A HOMELESS forum has said the Vagrancy Act “has past its sell by date” after a man was arrested for begging and then let off by the courts.

Robin Downward was taken into custody after being spotted sitting in two begging hotspots in the city centre before being granted an absolute discharge by magistrates.

The 40-year-old, who is temporarily housed in the Travelodge in Cathedral Square, said he was “just trying to get food” and was not actively begging, but allowing people to voluntarily give him money.

Speaking on behalf of the Worcester Cares, Vulnerable People and Homeless Forum, Jonathan Sutton said: “In the vast majority of cases the criminalisation of people through the courts is not the answer".

But admitted, with all the services available to rough sleepers in the city, “there should be no good reason why a person has to resort to begging”.

Mr Sutton, chief executive of St Paul's Hostel, said: “It is the case, when it becomes clear that the approach of encouragement and offer of help and support is failing to engage the person, then the police need to trigger a more coercive approach.”

However, he accepted the police can “only use the legalisation and powers given to them” by the government, meaning often using the ‘outdated’ Vagrancy Act.

Though he said the Public Space Protection Orders can provide an “alternative” to the Act but requires agreement by local elected politicians.

He went on to say: "The public may not know that state benefits can be obtained by homeless people – for example through Maggs Day Centre – and there is an abundance of soup kitchens in the city so people will not go hungry."

Downward accepted a charge of begging in a public place when appearing in Worcester Magistrates Court on Thursday, in relation to the incident on July 12.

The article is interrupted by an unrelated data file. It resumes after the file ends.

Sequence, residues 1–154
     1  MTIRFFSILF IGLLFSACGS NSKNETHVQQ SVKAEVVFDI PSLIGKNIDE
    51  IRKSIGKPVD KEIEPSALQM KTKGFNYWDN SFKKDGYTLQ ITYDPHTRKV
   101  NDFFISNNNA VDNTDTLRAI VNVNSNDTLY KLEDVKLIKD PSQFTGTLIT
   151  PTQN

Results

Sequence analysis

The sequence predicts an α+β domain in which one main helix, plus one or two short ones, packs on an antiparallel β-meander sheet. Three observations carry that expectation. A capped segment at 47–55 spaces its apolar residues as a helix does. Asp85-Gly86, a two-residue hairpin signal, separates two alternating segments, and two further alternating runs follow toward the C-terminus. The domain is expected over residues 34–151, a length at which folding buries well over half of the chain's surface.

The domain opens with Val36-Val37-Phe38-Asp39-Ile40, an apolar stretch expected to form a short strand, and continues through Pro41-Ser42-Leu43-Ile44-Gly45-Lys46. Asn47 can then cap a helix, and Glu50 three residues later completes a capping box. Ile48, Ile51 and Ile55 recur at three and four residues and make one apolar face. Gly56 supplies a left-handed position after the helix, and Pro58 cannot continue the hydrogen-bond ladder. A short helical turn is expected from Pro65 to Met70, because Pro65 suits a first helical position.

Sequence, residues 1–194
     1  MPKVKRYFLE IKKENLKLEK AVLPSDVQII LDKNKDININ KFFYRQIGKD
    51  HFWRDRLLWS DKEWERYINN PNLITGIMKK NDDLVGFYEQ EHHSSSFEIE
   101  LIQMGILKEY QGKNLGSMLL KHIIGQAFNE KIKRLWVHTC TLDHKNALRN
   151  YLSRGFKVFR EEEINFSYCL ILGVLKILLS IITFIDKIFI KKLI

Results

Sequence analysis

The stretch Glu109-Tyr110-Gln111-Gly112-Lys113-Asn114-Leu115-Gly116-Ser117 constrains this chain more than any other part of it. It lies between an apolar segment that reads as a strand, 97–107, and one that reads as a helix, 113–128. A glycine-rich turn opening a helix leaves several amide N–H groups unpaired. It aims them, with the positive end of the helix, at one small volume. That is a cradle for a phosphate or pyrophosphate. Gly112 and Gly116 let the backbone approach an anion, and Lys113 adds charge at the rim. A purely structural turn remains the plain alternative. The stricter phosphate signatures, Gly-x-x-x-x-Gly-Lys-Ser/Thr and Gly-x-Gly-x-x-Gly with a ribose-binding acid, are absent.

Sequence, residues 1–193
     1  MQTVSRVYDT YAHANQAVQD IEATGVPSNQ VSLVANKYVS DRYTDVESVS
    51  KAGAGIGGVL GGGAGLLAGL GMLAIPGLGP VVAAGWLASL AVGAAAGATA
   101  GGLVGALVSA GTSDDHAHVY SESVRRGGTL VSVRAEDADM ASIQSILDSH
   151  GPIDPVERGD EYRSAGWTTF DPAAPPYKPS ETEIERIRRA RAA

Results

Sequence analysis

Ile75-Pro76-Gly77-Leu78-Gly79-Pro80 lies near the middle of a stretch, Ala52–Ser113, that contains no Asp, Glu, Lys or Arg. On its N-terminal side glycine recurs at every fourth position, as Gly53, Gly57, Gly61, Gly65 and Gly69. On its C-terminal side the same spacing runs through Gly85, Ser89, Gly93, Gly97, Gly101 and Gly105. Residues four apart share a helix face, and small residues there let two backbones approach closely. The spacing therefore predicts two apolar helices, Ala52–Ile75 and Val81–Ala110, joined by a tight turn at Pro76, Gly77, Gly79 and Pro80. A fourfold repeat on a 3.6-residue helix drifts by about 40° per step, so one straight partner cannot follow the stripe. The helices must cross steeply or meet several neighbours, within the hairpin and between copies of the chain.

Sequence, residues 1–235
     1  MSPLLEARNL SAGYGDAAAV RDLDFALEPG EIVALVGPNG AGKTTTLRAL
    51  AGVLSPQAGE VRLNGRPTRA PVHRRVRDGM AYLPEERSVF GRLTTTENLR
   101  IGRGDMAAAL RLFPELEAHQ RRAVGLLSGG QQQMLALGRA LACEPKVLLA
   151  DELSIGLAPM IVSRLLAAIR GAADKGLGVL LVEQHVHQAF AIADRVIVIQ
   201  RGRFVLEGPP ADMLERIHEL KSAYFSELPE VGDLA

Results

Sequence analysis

Prosecutor Shafquat Reaz said the defendant was spotted by officers at 9.30am in Church Street sat on the floor in "an area well known for beggars" and was told to move along.

At 11.30am he was spotted again , this time sitting in Windsor Row, another hotspot, and was arrested.

Mr Sutton said there are "increasing numbers" of beggars, some aggressive, many with "significant addictions" and we need to them to engage with services.

“The question that is raised by this case is how do we collectively respond to those individuals who situation – and past trauma - is so bad that they are unable and unwilling to access, or make use of, the services that would help them?" he said.

A West Mercia Police spokesman said: “It is an offence to beg in a public place and the beggar can be arrested for committing such an offence. If you see a police officer or a community support officer in the vicinity inform them or alternatively telephone your local police (via 101) and inform them of the location and a description of the person begging.”